Thunder make spectacular plays, Grizzlies execute game plan better and take Game 2 on road

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Oklahoma City is simply more entertaining, more aesthetically pleasing to watch than Memphis. Thunder players can do the spectacular.

Like Kevin Durant hitting a ridiculous clutch four-point play late in regulation.

There were huge dunks by Russell Westbrook, high-flying blocks by Serge Ibaka and even a putback by Kendrick Perkins to send the game to overtime.

Through it all Memphis kept grinding. And executing — all night long Memphis was making the extra pass to the man left open on the weakside, all night long they got good looks because of it.

The offensive execution, the controlling of the tempo and strong defense earned Memphis a dramatic 111-105 road win in Game 2 of their playoff series.

This series is tied 1-1 and headed back to Memphis.

Mike Conley has been a favorite of the hard core basketball set for a couple years now and showed why on a national stage Monday — he controlled the tempo which limited the Thunder’s fast break attempts, he got in the lane and broke down the Thunder defense, and when needed he hit buckets. Conley finished with 19 points and 12 assists, plus did a good job defending Russell Westbrook.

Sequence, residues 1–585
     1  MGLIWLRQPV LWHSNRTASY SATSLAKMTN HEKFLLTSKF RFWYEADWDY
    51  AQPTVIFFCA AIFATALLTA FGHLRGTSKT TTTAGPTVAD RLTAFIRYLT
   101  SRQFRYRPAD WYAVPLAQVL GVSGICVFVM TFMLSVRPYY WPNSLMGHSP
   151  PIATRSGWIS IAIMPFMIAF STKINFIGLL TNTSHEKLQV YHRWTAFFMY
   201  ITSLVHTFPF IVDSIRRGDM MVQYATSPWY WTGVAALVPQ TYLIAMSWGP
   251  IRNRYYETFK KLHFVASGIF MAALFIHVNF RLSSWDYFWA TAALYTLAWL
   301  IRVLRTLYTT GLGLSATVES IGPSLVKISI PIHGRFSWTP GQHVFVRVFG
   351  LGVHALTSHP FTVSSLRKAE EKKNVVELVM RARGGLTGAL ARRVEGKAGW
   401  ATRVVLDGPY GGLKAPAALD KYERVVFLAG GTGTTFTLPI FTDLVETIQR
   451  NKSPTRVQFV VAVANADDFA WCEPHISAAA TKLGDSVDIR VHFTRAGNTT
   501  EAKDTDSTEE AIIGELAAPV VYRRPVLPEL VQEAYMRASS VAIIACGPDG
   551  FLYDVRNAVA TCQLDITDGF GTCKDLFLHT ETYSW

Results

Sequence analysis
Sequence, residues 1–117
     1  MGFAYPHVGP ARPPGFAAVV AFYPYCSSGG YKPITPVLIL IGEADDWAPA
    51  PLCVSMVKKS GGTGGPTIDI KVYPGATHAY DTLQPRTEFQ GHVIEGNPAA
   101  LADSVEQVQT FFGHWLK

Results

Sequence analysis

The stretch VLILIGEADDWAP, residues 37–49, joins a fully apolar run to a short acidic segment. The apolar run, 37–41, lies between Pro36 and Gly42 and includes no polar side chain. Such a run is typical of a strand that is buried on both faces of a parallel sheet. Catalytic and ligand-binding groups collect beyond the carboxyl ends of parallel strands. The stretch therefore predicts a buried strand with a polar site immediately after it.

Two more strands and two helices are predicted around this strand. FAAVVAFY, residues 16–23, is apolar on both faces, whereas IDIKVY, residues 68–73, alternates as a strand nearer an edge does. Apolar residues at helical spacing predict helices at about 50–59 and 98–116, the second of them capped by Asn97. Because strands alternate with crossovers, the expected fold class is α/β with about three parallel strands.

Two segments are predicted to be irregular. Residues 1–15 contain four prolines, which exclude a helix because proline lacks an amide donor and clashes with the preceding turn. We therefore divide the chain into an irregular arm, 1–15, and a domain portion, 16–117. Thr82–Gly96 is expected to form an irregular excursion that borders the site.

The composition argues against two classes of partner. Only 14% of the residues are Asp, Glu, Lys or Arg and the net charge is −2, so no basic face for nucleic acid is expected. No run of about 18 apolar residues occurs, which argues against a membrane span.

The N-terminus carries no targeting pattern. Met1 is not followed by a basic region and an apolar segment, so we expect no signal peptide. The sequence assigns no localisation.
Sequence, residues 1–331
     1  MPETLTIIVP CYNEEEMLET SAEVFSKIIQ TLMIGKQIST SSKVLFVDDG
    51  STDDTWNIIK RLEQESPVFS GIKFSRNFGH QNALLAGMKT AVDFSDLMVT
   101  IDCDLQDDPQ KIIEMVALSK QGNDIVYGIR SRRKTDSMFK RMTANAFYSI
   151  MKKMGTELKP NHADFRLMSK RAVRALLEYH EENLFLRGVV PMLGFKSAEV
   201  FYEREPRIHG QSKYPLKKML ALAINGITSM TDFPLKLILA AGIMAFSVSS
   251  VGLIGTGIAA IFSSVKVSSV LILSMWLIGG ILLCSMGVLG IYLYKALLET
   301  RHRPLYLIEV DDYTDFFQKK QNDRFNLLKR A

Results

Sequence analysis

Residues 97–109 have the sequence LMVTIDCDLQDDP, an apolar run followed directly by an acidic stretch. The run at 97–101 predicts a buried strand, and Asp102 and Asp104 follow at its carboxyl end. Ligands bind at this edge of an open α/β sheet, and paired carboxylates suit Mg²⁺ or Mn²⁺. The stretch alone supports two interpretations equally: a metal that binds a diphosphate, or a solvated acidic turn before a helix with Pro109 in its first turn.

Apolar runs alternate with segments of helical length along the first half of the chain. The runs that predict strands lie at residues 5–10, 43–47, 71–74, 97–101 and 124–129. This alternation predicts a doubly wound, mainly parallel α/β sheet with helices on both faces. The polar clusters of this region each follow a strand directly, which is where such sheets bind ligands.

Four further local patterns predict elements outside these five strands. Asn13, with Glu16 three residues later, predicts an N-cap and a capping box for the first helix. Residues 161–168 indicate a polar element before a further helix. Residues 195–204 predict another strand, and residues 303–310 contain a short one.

Zach Randolph added 25 points, a number of those key buckets late when his man went to help on Conley or another Griz player in the lane. Courtney Lee and Marc Gasol each had 16. Beno Udrih came in to spell Conley and was brilliant on his way to 14 points on 6-of-8 shooting.

OKC lacked that kind of balance. Durant had 36, Westbrook 29 and Ibaka 15 (Ibaka had the best overall game of any OKC player), and that’s it for Thunder players in double figures. As a team OKC shot 39.8 percent on the night and was 9-of-30 from three.

Memphis shot 49.4 percent and had an offensive rating of 117 on the night because of how they moved the ball. They were methodical, looking for the extra pass and the open look — much of the night the Thunder tried to overload the pick-and-roll to frustrate Conley but Memphis moved the ball to the weak side quickly and made OKC pay the price.